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Zenith short-wave radios of ’40s, ’50s noted for durability, reception


Q: After the end of World War II, my dad had three brothers who were still serving in the military in Europe and Asia. He purchased a Zenith Trans-Oceanic Radio in 1947 so he could monitor shortwave broadcasts from around the world. It is the 8G005Y and is still in working condition. Even though I do not want to sell it, I am curious about its history. – Stan, Tucson.

A: The first Zenith Trans-Oceanic radio was manufactured in 1942 as the Model 7G605 and marketed as the Trans-Oceanic Clipper. It was the brainchild of Eugene F. McDonald, the company’s founder, but production ended after only three or four months because of a commitment to the war effort. Those first units were priced at the rather stiff price of $75 each and only about 35,000 were sold.

After the war, Zenith once again began producing the Trans-Oceanic radio. It was priced at $125 and was in production from 1946-49. It was replaced in 1949 by a new stream-lined model that was $50 cheaper and featured updated technology that made it easier to use. That model was eventually withdrawn and replaced by the H500 “Super Trans-Oceanic” during the spring of 1951. After a series of “new and updated” models and designs, the last Zenith Trans-Oceanics rolled off the production line in 1981.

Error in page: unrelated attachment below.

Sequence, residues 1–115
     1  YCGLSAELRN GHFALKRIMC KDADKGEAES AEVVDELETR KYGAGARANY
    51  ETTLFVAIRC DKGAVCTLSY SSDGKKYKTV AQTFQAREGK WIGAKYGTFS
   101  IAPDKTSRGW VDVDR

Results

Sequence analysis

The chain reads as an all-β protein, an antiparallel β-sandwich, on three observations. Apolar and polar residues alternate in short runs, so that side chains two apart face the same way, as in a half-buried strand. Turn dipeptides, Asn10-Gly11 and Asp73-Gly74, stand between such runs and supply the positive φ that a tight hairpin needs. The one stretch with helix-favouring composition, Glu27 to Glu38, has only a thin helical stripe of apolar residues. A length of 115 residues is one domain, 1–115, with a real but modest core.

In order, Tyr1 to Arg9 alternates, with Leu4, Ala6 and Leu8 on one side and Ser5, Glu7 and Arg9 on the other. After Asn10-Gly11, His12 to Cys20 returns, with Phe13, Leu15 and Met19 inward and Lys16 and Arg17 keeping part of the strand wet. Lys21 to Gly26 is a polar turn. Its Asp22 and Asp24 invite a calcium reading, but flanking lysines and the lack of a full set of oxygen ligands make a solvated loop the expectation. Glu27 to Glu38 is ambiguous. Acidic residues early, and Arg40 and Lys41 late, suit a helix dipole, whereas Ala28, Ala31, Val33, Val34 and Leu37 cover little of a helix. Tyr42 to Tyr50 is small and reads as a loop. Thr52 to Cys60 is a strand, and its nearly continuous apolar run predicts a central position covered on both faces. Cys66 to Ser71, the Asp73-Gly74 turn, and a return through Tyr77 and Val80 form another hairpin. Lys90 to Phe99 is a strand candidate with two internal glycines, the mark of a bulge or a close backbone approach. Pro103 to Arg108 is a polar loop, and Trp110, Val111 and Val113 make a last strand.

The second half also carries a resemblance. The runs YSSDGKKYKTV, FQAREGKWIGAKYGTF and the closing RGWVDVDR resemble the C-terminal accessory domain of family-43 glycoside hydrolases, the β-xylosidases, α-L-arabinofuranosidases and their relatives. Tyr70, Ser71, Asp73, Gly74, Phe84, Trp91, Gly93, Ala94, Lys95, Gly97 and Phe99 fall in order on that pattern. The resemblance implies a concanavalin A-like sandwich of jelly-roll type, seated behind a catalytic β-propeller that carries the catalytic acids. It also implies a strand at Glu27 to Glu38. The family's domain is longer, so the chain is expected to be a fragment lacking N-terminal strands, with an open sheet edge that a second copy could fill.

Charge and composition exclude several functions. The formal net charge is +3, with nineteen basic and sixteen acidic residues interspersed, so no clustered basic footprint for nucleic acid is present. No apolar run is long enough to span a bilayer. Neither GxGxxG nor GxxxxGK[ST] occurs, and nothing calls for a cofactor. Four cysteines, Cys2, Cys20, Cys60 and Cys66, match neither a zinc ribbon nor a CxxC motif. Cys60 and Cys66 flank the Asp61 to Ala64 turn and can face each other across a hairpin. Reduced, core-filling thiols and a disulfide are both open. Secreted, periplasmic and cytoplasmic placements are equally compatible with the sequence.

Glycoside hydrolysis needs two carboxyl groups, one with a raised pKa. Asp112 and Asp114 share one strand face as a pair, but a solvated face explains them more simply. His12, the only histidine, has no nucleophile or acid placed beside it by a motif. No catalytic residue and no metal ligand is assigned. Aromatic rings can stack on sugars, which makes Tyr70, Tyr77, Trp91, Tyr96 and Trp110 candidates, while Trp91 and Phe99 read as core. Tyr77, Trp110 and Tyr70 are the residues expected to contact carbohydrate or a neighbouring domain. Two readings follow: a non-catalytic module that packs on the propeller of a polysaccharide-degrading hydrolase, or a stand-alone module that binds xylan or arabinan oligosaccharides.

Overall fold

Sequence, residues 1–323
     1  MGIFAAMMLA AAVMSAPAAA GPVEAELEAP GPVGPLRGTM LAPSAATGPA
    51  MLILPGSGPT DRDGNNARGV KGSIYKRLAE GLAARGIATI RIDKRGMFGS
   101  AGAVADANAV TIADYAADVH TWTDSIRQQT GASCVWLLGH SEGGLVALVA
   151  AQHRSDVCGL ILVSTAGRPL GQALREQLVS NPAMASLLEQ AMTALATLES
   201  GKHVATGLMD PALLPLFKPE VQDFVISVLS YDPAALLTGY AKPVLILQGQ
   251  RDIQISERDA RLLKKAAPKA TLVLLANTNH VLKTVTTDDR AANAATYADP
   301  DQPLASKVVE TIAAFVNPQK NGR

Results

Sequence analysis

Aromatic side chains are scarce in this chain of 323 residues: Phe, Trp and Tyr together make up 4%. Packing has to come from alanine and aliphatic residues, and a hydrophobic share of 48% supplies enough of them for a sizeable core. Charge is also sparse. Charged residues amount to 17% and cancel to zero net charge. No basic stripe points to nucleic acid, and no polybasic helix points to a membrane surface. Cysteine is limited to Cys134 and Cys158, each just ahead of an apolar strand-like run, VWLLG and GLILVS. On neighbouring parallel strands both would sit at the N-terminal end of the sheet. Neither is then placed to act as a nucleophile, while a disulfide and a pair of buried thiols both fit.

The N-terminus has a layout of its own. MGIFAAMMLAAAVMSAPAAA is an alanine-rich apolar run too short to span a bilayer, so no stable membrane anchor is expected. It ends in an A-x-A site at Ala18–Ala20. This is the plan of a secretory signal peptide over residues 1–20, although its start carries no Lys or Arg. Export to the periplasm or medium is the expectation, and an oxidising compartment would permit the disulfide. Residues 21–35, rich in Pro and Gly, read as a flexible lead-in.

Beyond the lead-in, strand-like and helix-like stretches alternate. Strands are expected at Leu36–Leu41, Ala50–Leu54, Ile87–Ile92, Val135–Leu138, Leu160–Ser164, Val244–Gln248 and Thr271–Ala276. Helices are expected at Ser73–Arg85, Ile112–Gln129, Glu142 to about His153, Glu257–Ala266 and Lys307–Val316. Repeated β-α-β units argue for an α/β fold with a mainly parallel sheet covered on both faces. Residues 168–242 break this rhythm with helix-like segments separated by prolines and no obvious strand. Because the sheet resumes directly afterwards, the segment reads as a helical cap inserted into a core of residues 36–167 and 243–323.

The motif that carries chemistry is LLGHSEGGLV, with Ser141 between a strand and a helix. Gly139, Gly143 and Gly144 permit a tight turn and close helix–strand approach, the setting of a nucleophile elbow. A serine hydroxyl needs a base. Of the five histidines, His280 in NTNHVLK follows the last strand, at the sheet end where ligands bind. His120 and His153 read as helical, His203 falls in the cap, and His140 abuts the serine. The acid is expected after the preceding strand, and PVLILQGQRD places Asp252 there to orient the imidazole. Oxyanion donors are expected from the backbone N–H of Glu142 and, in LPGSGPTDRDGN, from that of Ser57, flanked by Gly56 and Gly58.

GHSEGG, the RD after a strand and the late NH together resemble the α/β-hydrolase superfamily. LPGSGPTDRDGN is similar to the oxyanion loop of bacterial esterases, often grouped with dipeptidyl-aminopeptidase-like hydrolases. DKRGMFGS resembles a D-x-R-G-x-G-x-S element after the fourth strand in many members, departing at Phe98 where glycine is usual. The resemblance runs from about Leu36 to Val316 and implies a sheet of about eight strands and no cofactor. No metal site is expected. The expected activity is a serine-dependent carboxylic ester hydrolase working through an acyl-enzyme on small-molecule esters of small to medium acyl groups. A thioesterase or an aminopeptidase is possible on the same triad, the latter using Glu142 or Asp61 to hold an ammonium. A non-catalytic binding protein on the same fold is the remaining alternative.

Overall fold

This radio was popular, despite its high cost, for two main reasons: They were durable; and as shortwave receivers, the radios were almost unequalled.

Prices vary. I found several Zenith Trans-Oceanics on eBay in the $75-$200 range. A serious collector claims that because only 35,000 Model 7G605s made it to the marketplace, they are extremely rare and are worth five or six times what the values of later models that were sold between 1946 and 1949.

For repair of older radios, I recommend Dave Vaughn of Dave’s Antiques, 449 W. 29th St., 790-2186.

One of my favorite references is Collector’s Guide to Antique Radios by John Slusser (Collector Books, $19.95).

Q: I have a pair of candlesticks made by the Gonder Pottery Co. What can you tell me about this company and how much are mine worth? – Yolanda, Tucson

A: The Gonder Pottery Co. was established in Zanesville, Ohio, in 1941 by Lewton Gonder. Production ceased in 1957. Your candlesticks are worth about $40 if they are the starfish design, less if not.

Q: I have a Fort Worth newspaper “Extra” that was issued to announce the end of World War I. I have been offered $100 for it. Should I sell? – Steve, Tucson.

A: Take the money and run. Your paper is worth about $20, complete and in excellent condition.

Editor’s note: Due to the imminent closure of the Tucson Citizen, this column will no longer accept antique or collectible questions from readers.


This handsome Victorian compote is $59 at Tom’s Fine Furniture, 5454 E. Pima St.

Zenith shortwave radios noted for durability, reception

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